Do you want to make smarter decisions everyday day? You can. All you need to do is harness the power of defaults.
90% of your daily decisions happen automatically, many shaped by environment. Thus, most decisions are a habit, not a deliberate choice.
And habits can be developed by shaping the invisible defaults of your life. To make smarter choices, design smarter defaults.
Is your phone charging next to your bed while you sleep?
It’s the first object you touch immediately after waking up. A ton of notifications await. Checking social media and email easily becomes a habit as soon as you wake up. And after at least a couple of minutes of infinite scrolling, you get up.
What if, instead of your phone, you place a water bottle next to your bed? For a while, you would feel something is missing. But soon enough drinking water becomes the first habit of the day.
Once you remove the phone from the picture, suddenly a good habit — drinking water after waking up — becomes easy to perform.
And that is the power of defaults.
The Power of Defaults
Eric Johnson and Daniel Goldstein conducted a study that revealed just how much your environment impacts your behavior — often without you even realizing it.
This graph shows the percentage of people, across different European countries, who are willing to donate their organs after they pass away:
In a continent where countries are very much alike, what could cause such a difference? Initially, the researchers thought the difference in donations would be caused by the “big” reasons, such as religion and culture. But that wasn’t the case.
For example, Austria and Germany are located right next to one another, sharing geographic, cultural, and social similarities. It would make sense that their donation rates would be roughly the same. And yet, only 12% of the population in Germany has chosen to become an organ donor while almost all of the Austrians (99.98%!) have chosen to donate.
Could the researchers explain that massive gap between similar countries with a single factor?
Do Defaults Save Lives?
They focused on measuring the change in organ donations by focusing on a single factor: the no-action default for agreement.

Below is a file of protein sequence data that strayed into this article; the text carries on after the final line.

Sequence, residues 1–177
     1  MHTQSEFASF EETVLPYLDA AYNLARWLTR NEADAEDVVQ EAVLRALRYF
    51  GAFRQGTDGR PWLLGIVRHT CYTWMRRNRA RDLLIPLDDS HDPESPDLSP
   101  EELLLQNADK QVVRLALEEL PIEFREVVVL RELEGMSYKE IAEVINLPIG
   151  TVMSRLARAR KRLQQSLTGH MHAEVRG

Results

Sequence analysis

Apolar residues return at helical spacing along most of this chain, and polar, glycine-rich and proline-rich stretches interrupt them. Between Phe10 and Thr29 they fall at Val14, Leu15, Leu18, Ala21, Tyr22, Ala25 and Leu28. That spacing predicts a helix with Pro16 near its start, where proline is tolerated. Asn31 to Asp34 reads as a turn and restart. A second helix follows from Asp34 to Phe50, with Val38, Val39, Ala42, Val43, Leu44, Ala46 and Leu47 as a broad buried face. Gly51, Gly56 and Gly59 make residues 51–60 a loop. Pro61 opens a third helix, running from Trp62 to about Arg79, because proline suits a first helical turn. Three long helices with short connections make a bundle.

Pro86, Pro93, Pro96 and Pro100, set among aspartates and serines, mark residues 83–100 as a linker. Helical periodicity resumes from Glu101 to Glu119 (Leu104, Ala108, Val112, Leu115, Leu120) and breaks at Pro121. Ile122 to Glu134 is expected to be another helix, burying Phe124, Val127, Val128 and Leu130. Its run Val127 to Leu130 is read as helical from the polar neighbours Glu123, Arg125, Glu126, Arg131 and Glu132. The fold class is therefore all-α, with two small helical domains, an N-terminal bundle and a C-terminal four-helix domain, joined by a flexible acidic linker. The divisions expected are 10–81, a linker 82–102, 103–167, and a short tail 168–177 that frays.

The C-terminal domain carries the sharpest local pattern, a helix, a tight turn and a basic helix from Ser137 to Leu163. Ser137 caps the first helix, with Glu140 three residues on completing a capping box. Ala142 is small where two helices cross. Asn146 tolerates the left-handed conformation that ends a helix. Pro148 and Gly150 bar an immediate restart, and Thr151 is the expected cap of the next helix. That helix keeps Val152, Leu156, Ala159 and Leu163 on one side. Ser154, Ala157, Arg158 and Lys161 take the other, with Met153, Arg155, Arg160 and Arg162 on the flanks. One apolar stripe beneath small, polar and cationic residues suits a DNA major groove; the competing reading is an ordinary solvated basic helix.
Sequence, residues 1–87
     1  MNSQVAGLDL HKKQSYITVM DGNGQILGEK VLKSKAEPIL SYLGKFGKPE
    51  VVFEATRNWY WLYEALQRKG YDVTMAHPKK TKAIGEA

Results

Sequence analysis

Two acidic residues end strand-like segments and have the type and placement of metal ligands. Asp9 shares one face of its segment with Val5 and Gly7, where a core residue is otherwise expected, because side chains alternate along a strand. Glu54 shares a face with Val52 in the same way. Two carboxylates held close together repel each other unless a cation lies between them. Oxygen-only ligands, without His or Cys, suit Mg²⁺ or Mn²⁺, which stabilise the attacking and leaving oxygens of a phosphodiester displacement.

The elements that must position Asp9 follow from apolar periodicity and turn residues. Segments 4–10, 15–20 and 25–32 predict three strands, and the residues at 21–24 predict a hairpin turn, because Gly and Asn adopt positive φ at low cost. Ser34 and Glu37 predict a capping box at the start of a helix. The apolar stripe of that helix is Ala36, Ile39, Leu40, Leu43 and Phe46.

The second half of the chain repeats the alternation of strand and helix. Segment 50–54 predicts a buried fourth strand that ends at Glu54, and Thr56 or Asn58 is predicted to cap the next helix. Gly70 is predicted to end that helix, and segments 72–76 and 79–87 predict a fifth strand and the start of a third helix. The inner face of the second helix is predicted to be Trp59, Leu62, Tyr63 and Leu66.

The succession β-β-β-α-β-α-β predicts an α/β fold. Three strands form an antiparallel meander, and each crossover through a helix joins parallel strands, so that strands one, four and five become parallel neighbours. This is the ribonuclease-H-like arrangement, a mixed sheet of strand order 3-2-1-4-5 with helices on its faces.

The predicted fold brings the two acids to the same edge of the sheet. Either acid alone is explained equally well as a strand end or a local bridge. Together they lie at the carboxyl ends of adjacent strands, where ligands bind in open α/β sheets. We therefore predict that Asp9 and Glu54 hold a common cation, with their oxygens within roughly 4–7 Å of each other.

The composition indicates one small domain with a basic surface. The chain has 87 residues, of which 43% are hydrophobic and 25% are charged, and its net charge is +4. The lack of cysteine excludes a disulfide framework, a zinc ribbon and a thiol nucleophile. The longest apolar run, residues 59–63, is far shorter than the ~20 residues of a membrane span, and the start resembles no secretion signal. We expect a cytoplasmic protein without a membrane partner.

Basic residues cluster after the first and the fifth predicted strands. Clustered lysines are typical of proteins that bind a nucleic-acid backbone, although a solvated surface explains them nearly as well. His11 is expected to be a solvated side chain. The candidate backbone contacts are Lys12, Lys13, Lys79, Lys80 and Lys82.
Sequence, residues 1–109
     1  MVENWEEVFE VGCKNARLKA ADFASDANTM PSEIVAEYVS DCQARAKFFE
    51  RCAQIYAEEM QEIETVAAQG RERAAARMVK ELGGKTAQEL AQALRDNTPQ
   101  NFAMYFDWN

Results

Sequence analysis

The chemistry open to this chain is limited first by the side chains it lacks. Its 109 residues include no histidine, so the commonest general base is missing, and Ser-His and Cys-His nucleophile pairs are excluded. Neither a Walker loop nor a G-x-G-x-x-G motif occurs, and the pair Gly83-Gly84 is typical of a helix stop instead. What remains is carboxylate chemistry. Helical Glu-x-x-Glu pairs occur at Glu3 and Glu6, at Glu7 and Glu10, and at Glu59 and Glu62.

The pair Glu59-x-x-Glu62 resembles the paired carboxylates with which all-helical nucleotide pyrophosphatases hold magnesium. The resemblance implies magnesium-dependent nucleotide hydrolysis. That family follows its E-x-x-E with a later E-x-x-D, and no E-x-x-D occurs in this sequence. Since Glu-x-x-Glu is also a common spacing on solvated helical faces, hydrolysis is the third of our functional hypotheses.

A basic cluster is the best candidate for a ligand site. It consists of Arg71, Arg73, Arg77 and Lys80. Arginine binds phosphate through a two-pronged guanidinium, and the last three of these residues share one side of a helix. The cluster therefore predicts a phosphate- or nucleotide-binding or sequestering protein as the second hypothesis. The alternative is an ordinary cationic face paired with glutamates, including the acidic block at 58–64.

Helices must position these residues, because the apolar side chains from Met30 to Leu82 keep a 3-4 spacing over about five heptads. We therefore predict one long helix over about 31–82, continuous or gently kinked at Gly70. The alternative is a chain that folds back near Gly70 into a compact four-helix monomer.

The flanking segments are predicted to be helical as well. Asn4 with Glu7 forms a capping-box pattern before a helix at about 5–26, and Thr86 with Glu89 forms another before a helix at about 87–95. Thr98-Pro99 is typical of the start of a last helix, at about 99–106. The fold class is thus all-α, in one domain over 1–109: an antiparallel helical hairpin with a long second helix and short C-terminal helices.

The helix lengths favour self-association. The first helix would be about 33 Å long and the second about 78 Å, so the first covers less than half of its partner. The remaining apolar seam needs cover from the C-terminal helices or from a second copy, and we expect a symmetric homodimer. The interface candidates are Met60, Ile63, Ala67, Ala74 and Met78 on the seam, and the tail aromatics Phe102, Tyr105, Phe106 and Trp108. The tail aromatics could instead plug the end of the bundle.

In organ donation, countries use one of two possible policies:
- Required “Opt-In”: people who want to be an organ donor must give explicit consent to doing so
- Default “Opt-In”: also known as presumed consent, users are signed up as organ donors by default and need to require to opt-out
Countries who employ a default opt-in (presumed consent) scheme see average rates of 97.56% compared to countries who employ a default opt-out (explicit consent), where the average rate is 22.73%.
As Richard Thaler and Cass Sunstein have reported in Nudge: Improving Decisions About Health, Wealth, and Happiness:
“In Germany, which uses an opt-in system, only 12 percent of the citizens gave their consent, whereas in Austria, nearly everyone (99 percent) did.”
While large majorities of Americans approved of organ donations, only about a quarter consented to donate their own.
On the other hand, nearly all Austrians, French and Portuguese consent to donate theirs. The default explains the difference. In the United States, people must choose to become an organ donor. In much of Europe, people must choose not to donate.
And countries with presumed consent policies don’t just have more people who sign up to be donors. They also have consistently higher numbers of transplants.
Defaults are so powerful they save lives.
Your “Golden Years” on Autopilot
Most Americans are bad at saving money for the future, especially for retirement. And the current defaults don’t make it any easier. Many companies’ retirement plans — such as 401(k)’s — are opt-in. You need to head to HR to get enrolled, and you might need to understand a bit about investing.